Just like any other business, the location of a vending machine can have a significant impact on its sales. Ideally, vending machines should be placed in areas with high foot traffic, such as office buildings, educational institutions, and shopping centers. These are places where people are constantly moving and are more likely to make impulse purchases, especially when they need a quick snack or beverage.

The target demographic and products you intend to sell should be considered when placing your vending machines. For example, if you are selling over-the-counter medication, you may want to place your machine near a public restroom. Additionally, you should consider security when placing your vending machines. You want to place your machine in an area where it is less likely to be stolen or vandalized.

Acquiring the Vending Machines

Vending machines come in a diverse range of sizes, shapes, and features. The ideal machine for you will depend on your budget, the products you want to sell, and the space you have available. If you are on a tight budget, a compact, single-product vending machine may be a better option. However, if you have a significant investment budget, you can choose more technologically advanced machines that are larger and more versatile. Newer technologically advanced models also offer cashless payment methods, which are in line with the times.

Buying new vending machines from the manufacturer gives you the most control over the features and specifications, and is the best option for someone looking to acquire multiple machines. If you are just starting, you may want to consider purchasing used vending machines from secondary sellers to help reduce your startup costs. Leasing is also a cost-effective option.

Vending machine franchising is another option. You purchase the right to operate a vending machine business under the franchisor’s brand and system. This requires a significant investment, but it is one of the best ways to get started because the franchisor provides training, support, and marketing assistance.

Acquire the Required Paperwork and Permits

To operate any business legally, you must follow the applicable laws and regulations. These laws and regulations vary depending on the city. Nonetheless, you will be required to register your business and apply for the proper federal credentials like tax information from the IRS. You should also consider engaging an insurance company to find the ideal coverage for your enterprise in case anything goes wrong.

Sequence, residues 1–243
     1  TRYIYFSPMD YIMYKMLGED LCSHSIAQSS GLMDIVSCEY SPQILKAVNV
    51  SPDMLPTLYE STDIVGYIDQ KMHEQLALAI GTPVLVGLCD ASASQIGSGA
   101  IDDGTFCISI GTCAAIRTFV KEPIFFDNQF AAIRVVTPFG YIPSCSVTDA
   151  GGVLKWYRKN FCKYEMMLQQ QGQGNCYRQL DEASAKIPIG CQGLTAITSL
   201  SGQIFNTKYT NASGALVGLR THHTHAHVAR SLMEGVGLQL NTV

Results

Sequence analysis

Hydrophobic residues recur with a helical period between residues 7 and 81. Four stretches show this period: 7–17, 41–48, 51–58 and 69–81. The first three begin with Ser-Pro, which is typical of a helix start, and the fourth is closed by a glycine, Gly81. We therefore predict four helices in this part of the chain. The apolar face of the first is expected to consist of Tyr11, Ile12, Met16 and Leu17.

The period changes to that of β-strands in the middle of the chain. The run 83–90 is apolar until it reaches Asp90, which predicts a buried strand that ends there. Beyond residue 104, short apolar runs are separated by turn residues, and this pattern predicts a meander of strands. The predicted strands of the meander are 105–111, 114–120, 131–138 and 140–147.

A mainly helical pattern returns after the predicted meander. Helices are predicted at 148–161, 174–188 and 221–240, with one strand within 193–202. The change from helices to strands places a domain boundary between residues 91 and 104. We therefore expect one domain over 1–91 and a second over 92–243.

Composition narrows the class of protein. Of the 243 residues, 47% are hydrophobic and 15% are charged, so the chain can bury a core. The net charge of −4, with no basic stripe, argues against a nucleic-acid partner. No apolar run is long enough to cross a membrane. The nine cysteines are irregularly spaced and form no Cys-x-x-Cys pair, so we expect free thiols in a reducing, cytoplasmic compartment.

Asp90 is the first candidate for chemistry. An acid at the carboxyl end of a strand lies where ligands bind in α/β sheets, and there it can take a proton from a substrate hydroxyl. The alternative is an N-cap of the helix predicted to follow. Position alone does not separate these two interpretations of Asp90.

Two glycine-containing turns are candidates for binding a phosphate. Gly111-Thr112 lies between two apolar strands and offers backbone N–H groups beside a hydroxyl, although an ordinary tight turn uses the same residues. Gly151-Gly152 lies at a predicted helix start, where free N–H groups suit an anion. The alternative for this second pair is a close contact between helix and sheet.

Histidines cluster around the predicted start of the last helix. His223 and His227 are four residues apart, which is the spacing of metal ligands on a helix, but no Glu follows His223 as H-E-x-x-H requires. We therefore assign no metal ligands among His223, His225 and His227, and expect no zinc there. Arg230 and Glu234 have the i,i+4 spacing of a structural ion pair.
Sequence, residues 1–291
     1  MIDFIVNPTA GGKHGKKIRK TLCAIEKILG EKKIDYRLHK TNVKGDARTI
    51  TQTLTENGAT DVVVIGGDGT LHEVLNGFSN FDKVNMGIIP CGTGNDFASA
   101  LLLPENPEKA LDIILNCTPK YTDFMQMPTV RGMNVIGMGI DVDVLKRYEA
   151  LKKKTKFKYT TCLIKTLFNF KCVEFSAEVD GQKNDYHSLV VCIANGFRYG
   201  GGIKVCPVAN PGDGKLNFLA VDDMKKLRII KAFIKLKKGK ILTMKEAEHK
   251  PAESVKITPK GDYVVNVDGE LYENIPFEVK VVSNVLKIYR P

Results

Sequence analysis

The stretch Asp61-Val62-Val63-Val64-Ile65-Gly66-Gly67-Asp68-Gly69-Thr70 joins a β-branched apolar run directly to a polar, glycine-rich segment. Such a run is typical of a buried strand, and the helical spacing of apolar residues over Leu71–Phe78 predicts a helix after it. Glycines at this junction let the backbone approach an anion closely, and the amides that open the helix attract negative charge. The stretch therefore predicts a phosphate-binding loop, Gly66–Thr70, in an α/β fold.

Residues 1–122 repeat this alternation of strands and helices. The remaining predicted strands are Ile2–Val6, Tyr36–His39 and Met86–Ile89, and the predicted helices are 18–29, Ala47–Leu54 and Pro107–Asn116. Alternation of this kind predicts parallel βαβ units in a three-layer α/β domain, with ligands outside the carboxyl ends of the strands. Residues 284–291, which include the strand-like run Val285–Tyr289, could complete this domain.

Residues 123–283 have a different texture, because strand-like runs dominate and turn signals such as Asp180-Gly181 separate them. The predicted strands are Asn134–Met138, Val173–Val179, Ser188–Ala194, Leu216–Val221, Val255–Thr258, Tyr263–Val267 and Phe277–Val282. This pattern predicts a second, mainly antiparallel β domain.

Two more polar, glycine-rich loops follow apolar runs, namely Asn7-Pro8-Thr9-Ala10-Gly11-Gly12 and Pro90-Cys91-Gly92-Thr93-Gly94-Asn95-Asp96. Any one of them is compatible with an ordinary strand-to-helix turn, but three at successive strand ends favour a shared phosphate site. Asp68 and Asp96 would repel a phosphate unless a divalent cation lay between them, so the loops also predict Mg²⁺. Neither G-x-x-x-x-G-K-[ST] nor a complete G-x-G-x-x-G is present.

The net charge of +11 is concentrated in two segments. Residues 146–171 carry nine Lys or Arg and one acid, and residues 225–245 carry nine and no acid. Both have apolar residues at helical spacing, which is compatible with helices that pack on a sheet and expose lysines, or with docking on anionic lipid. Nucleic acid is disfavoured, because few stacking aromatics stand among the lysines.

Other licenses and permits may also be required depending on the nature of your business. However, you will most likely need a beverage license, food service license, seller’s license, and/or health inspection certification – especially if you intend to stock food products and beverages.

Make sure you do your research and consult with the necessary parties to ensure your vending machine business is in compliance with your state and local laws. You can always speak with an attorney for proper guidance.

Stocking, Restocking, and Maintenance

Once you have placed your vending machines and completed all the necessary paperwork, the next step is to find a supplier for your products. You can either buy the products you need right away or buy them in bulk, depending on the products you plan to sell.

If you are selling perishables, it is best to buy only the amount you need at a time, as these products have a limited shelf life.

However, if you are selling non-perishables, buying in bulk can help you save money on each item. There are a variety of channels to find suppliers including, online marketplaces, trade shows, or word-of-mouth recommendations. The same applies to restocking.

It is advisable to check your vending machines at least once a week when you are just starting. This will help you ensure that the machines are operating properly and that you are stocking the right products. You can adjust the frequency of your checks once you have a good understanding of your operation.